These are the primary filters in most filtration systems. You will find them in air best air purifiers, vacuum cleaners and cars. HEPA filters trap medium sized to small particles in air including dust mites, some virus and bacteria.
HEPA filters are expensive to replace but experts warn against washing and reusing them. While the replacing rule for every model varies, HEPA filters should be changed at least once in every six months. This period can change depending on air quality. In a commercial setting, the filter should be changed more often.
Germguardian recommends replacing filters when they look soiled, that is, the color has changed from white to grey or black. Filters that smell musty should also be replaced immediately as this is usually a sign of mold. If you get it difficult replacing your filters you can opt for an air purifier with washable filters.
Low-cost ways of improving indoor air quality
Regular replacement of filters is an expensive affair which can be avoided by venturing into low-cost options of improving your home’s indoor air quality. Common polluting particulate matters in your home include:
- Allergens such as dust, pollen, mold and pet dander
- Micro-organisms such as viruses, bacteria, and dust mites
- Smell and odors from garbage, paints and adhesives
- Combustion byproducts such as fumes and smoke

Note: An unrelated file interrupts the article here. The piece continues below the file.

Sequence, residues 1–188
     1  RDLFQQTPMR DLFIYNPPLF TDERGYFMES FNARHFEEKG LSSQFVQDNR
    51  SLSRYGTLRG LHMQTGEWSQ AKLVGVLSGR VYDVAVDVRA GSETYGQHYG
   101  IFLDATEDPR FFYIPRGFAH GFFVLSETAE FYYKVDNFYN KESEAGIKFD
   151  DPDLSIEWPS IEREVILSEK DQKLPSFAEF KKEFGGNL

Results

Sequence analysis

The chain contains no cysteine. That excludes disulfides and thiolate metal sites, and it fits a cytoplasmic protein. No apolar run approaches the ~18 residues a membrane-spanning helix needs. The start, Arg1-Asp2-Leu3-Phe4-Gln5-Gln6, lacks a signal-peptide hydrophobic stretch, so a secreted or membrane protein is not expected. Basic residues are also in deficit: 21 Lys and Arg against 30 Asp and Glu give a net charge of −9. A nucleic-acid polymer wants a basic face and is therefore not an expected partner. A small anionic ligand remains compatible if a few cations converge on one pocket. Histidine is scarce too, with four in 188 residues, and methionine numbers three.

After understanding the type of pollutant wrecking your air quality, here are important steps for a clean indoor air in your home:
1. Properly clean your house
Cleaning your home on a regular basis will reduce the amount of allergens and dangerous microorganisms in the air. Vacuum your carpet, rugs and upholstery weekly with a vacuum cleaner equipped with HEPA filter. Wash your beddings, clothes, drapes and other fabrics that may attract allergens.
2. Create more ventilation
Allowing in fresh air from outside will reduce the amount of contaminating particles in your indoor air. Open windows when the weather is calm to allow fresh air in your home. Installing fan in the kitchen can help in enhancing air circulation thus minimizing potential allergens in air such as fumes and smoke.
3. Keep away houseplants
Indoor greenery is pretty but can foster the collection of allergens and mold in your home. There are very few plants that will purify air but not through trapping of allergens.
4. Clean your air vents
A lot of dust and other allergens can collect around your air vent. This will result into unhealthy indoor air in your home. Regularly check and get rid of the dust around your air vents to improve indoor air quality and also prevent growth of mold in the vent.
5. Change your HVAC filters regularly
If you have a combined heating, ventilation, and air-conditioning system in your home, clean the filters regularly or replace them as needed. This will prevent your system from blowing back the trapped particles into the air in your home.
Is my filter washable – Guardian technologies
Easy ways you can improve indoor air quality – Harvard Medical School Publication